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    Let’s you and me go for a ride…

    June 7th, 2019


    by John Foley

    Let’s you and me go for a ride…
    We have a standing weekly appointment at the Melbourne Sports and Aquatic
    Centre. A few minutes before we are due to meet, I walk across the road to the station
    in the foyer of the Economics Building of the University of Melbourne.
    On the wall are four computers. I wave my smart phone over a hot spot and
    touch the computer screen to select the St.Vincent’s Hospital where you work. As I
    step into the first pod car, I sit down, wave my smart phone over another hot spot, the
    computer reads where I want to go, the door closes and my car smoothly moves off at
    5km/h. Once clear of the foyer, it accelerates to 60km/h and enters the main stream of
    Two minutes later it approaches St. Vincent’s Hospital and switches to a side
    track that takes it inside the foyer, again at 5km/h.
    You have been delayed so I step out to wait for you. There is no crowd here
    because most passengers just turn up, step into a waiting pod car and ride away.
    Sometimes when there is a rush, they might have to wait a minute or two. When you
    are free you take the lift downstairs and walk across the foyer to the station.
    There are now three pod cars in the St. Vincent’s Hospital station, and a woman
    in a wheelchair is getting into the first one.
    A young mother with and a five-year-old boy and a baby in a pram is entering
    the second one.
    I swipe my smart phone at the wall computer again and touch the logo for the
    Melbourne Sports and Aquatic Centre. We walk to the third pod car, take a seat and I
    swipe my smart phone over the hot spot. You don’t need a ticket as the fare is the
    same as a taxi, per vehicle, not per passenger, so I will pay this trip for both of us.
    We silently glide forward at 5km/h until we leave the foyer where the pod car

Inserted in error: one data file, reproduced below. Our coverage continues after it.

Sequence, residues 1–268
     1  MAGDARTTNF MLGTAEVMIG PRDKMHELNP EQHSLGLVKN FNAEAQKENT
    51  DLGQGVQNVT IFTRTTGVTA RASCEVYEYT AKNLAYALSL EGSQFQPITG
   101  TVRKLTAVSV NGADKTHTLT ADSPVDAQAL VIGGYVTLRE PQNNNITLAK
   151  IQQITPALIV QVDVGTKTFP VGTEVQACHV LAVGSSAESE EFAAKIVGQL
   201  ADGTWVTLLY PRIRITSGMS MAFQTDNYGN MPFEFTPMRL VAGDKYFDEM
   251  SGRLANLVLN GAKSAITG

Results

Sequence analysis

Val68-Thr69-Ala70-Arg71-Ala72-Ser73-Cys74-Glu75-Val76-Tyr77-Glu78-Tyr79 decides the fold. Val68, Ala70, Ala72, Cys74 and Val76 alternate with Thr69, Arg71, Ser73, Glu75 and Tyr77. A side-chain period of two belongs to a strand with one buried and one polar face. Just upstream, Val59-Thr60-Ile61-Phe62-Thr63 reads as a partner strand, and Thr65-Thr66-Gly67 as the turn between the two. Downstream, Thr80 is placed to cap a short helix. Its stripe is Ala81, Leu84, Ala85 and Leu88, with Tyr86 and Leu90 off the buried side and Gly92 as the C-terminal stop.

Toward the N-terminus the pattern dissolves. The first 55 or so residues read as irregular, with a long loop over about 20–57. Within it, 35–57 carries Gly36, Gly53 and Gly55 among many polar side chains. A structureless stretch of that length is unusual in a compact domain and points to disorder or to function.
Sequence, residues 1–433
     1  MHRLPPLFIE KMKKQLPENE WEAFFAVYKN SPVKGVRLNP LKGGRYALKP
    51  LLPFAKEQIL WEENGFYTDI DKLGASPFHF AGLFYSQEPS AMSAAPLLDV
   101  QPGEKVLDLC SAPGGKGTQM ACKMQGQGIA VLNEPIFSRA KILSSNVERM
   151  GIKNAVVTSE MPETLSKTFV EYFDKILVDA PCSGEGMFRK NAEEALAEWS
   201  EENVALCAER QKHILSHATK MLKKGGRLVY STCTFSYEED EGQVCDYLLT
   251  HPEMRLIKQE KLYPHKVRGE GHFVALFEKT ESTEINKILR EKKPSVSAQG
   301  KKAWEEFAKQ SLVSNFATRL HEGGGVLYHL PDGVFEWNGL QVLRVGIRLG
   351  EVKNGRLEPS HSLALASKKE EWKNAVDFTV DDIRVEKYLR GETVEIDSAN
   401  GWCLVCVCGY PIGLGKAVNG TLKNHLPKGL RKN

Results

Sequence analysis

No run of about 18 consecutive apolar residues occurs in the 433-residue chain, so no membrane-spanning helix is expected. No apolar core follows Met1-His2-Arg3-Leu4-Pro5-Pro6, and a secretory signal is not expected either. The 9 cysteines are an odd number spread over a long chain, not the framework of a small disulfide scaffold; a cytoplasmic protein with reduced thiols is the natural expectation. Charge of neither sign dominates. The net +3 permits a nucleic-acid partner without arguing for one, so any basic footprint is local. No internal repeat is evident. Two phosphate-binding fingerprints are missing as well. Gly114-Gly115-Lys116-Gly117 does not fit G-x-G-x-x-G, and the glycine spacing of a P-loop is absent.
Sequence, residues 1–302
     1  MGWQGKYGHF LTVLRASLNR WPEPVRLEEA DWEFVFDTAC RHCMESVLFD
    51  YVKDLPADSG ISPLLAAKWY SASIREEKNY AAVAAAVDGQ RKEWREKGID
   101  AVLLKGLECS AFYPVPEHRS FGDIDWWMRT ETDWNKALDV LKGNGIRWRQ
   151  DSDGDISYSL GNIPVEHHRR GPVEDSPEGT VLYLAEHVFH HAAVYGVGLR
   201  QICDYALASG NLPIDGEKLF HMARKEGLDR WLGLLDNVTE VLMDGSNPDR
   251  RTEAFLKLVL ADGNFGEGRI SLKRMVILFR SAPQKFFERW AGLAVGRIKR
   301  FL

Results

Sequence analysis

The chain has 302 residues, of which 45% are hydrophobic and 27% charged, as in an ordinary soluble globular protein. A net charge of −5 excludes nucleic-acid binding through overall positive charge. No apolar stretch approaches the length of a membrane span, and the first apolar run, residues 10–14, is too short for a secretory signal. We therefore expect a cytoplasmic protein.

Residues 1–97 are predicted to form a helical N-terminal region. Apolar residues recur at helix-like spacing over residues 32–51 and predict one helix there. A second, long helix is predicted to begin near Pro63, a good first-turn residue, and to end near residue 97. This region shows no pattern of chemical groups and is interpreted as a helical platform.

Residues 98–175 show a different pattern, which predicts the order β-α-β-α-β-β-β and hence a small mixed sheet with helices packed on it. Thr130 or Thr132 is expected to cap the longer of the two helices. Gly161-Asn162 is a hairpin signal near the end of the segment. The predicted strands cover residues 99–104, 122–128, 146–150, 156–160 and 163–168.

smoothly accelerates to 60km/h and seamlessly joins the main stream of traffic.
    Travelling at a kilometre a minute, we chat quietly as the computer guides our
    pod car along the most efficient route, avoiding areas of heavy traffic and any parts of
    the guideway under repair, above all the roads, cars, traffic lights, railways and tram
    lines. As the grid is extended over time, more motorists will choose to be passengers
    on the system so the car traffic will decrease leaving the roads to buses, taxis and
    delivery trucks as well as trade vehicles such as plumbers, electricians and so on.
    As we near the Melbourne Sports and Aquatic Center our pod car diverts from
    the main track, enters the building and slows down again to 5km/h. It stops behind
    another parked pod car and we walk six paces to the front desk. At 60km/h, the trip
    from St. Vincent’s Hospital to Albert Park has taken us four minutes.
    For two hours we indulge ourselves with all the facilities and after showering
    and enjoying a refreshing soft drink, we walk to the station in the foyer and bid each
    other farewell.
    You use your smart phone to program the computer to get you to Ringwood.
    You enter the first pod car, swipe your smart phone over the hot spot and the pod car
    moves off. It is 24 kilometers to Ringwood so the computer guides your pod car to
    the high speed track giving you six minutes to glance at your newspaper or listen to
    your choice of music, radio or comedy channel before the pod car stops 40 metres
    from your home.
    I have a meeting so I use my smart phone to go to the city. My pod car follows
    a few metres behind yours until it turns left and heads for Collins Street which is
    three minutes away.
    Our meeting goes well and finishes at 8:30pm. Four of us decide to go for a
    meal in Lygon Street. There is a pod car station in the foyer of our building so we all
    crowd into one vehicle. The maximum weight that a pod car can carry is 300kg so an
    automated voice tells us that we are overloaded by 68kg. Two of us get into the
    second pod car and follow our friends for the two minute journey to Carlton.
    Well after midnight and with a splendid Italian meal and a fair bit of wine on
    board, we are all too drunk to drive a car but that is not a concern. There are no
    random breath tests on pod cars and they run 24 hours a day. Walking 30m to the
    station, we say goodnight to each other and get into four separate pod cars.
    As I silently glide off, I notice two young women getting into the pod car
    behind me. No looking for a taxi, no annoying driver, no breathaliser and no leering
    pests on the train to hassle them. It is nearly 2am but even at this hour they can enjoy
    safe, private transportation from Carlton to their home.
    I live at Pascoe Vale, eight kilometers away, so I settle back, switch off the
    music and bask in the silence for the two minute journey.

    John Foley

    By John Foley